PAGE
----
Last night, I spent some time poring through options in value stocks. The market has pulled back a touch, and volatility has picked up quite a bit in the past two months. I was searching for candidates for backing into stocks at lower prices by selling puts below the current market price.
I have used this technique countless times and have had a great deal of success, and I'm hoping we get enough of an additional slide in stock prices that I can find several opportunities for cash-secured put-selling. I didn't find much in that area, but I did find some candidates for a long-term combination trade.
A combination trade consists of buying the stock and simultaneously selling out-of-the-money long-term puts and calls. I have used this approach with beaten and battered stocks over the years, and it has produced outstanding success. It works best on stocks that are seeing heavy selling and are enormously and actively out of favor. If you have a deep conviction that the company can survive for the time period covered by the option, this trade can give you as close to a win-win situation as you will ever find on Wall Street.
"Heavily sold" and "actively, wildly out of favor" are terms that pretty much describe the metals miners right now. As Bob Byrne said to me this morning, they are priced as if they are going the way of the buggy whip. Miners are approaching their 2009 lows as metals prices have collapsed. Many of them are selling at huge discounts to their book value. Precious metals have gone from being the darlings of the hard-money crowd to absolute pariahs among traders and investors alike. Every firm on the Street is rushing to follow Goldman Sachs in lowering their gold and silver forecasts.
This sets up some potential trades for long-term aggressive investors who believe that the miners will eventually recover. Lower metal prices are going to force marginal capacity out of the industry, and over time, supply and demand will stabilize. For this trade to work, metal prices do not have to recover back to highs. They just need to not fall to the point where Happy Meal toys are made of gold.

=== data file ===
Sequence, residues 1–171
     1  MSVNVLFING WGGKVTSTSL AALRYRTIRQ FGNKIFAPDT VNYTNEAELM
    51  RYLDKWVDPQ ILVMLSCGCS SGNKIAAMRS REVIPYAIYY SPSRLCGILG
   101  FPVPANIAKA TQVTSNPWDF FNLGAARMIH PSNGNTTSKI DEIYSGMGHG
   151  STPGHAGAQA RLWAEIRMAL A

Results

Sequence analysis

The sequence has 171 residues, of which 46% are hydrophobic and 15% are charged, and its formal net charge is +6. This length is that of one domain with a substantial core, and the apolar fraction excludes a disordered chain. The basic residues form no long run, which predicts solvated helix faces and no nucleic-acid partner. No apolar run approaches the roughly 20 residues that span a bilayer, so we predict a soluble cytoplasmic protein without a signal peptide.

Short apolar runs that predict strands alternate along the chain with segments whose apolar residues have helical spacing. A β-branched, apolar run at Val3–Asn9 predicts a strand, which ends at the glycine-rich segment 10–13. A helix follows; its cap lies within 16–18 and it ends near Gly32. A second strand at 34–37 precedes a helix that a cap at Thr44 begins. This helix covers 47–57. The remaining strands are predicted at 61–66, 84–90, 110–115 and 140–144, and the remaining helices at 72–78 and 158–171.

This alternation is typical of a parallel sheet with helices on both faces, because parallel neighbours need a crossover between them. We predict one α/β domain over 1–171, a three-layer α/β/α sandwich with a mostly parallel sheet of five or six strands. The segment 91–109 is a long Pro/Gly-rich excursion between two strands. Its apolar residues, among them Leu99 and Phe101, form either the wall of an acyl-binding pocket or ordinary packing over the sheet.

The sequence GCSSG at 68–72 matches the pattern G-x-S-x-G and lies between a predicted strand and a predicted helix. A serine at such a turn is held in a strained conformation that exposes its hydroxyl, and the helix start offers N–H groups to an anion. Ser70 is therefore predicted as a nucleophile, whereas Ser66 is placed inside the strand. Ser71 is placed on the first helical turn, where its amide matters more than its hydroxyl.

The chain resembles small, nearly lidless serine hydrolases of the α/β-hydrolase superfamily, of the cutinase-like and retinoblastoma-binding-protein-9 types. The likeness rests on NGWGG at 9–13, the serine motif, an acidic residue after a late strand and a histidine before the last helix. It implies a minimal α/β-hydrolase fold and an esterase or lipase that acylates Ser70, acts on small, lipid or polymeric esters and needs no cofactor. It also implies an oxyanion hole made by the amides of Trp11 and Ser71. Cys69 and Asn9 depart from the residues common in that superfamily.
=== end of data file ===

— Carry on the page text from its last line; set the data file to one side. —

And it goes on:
Pan American Silver (PAAS) shares have been brutalized this year. The stock is down almost 40% so far in 2013, and option volatilities have jumped more than 50%. Right now, you can buy the stock around $10.50. You can sell the January 2015 $15 call for $1.05 and the January $10 put for $2.50. That's 33% of what you would pay for the stock. Should the shares trade between $10 and $15 at expiration 17 months from now, you keep the premium for a 23% annualized return, and you still own your shares. If the stock is called away at $15, you make a total of $8.05 for an annualized return of 54%. If the shares fall below $10, you will have to buy more shares at that level, but you get to keep the $2.50. That gives you a net cost average cost of $8.275 for your position. Pan American shares have not traded at that level since 2003, so it would seem to be a decent place to own the stock.
Coeur Mines (CDE) has also been pummeled -- the stock is down 50% so far this year. The company is focusing on domestic mines, so it does not have the same level of political risk that many others miners have had to take on. You can buy the stock right now at around $11.75 and sell the January 2015 $15 call for $1.90 and the $10 put for $1.85. That's about a 22% annualized return if the shares settle between the strikes and 42% annualized if called away at $15. If you end up having to buy more stock, your net cost will be $9 a share, a price not seen since 2009.
Combination trades need several factors to be in place to work correctly. First and foremost, the stock has to be cheap on the basis of fundamentals. I prefer tangible book value, but I have seen price-to-earnings ratios and price-to-free-cash-flow work well. You need to be comfortable owning the stock and delighted to buy more if the stock price keeps falling. The stock should be aggressively unpopular so that there is heavy selling and a rapid rise in option implied volatilities. You should be willing to hold the position at expiration, although there may well be opportunities to trade around or even out of the position during the time frame.
Silver miners seem to fit the bill for a combination trade, and aggressive investors who have a longer time frame might consider adding combination trades on undervalued mining stocks.